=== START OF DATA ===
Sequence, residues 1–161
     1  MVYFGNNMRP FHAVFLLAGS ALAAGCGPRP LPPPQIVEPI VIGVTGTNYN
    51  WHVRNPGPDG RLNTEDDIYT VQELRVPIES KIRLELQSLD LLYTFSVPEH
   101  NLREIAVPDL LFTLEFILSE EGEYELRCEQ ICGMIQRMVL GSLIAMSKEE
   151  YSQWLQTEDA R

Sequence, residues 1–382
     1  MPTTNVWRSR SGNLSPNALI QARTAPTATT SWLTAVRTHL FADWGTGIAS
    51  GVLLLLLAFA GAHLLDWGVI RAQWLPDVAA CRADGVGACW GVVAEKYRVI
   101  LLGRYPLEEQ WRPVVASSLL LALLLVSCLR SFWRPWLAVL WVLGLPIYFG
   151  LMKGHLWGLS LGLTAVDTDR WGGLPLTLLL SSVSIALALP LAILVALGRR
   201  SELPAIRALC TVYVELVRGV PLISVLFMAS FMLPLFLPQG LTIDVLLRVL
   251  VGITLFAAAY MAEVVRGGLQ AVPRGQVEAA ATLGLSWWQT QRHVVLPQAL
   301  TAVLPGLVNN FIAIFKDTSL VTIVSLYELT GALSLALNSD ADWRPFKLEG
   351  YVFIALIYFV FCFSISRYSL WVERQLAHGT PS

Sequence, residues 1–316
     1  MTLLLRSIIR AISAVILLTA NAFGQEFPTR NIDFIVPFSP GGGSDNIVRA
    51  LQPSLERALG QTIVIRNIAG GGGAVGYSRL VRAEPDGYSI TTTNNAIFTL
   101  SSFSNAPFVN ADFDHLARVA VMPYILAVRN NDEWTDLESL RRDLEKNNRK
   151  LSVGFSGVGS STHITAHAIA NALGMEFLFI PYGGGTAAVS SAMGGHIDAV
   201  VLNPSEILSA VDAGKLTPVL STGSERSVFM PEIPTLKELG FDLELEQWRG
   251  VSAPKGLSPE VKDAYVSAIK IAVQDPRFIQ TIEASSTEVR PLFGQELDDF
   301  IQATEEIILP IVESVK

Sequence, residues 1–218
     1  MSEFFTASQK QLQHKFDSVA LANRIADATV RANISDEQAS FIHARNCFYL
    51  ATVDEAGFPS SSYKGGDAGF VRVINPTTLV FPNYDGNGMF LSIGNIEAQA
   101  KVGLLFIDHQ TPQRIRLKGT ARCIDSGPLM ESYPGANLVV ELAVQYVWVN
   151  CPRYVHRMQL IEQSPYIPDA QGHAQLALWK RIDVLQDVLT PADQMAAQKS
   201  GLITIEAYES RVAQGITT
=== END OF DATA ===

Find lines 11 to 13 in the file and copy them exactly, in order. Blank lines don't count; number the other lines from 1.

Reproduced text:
   201  SELPAIRALC TVYVELVRGV PLISVLFMAS FMLPLFLPQG LTIDVLLRVL
   251  VGITLFAAAY MAEVVRGGLQ AVPRGQVEAA ATLGLSWWQT QRHVVLPQAL
   301  TAVLPGLVNN FIAIFKDTSL VTIVSLYELT GALSLALNSD ADWRPFKLEG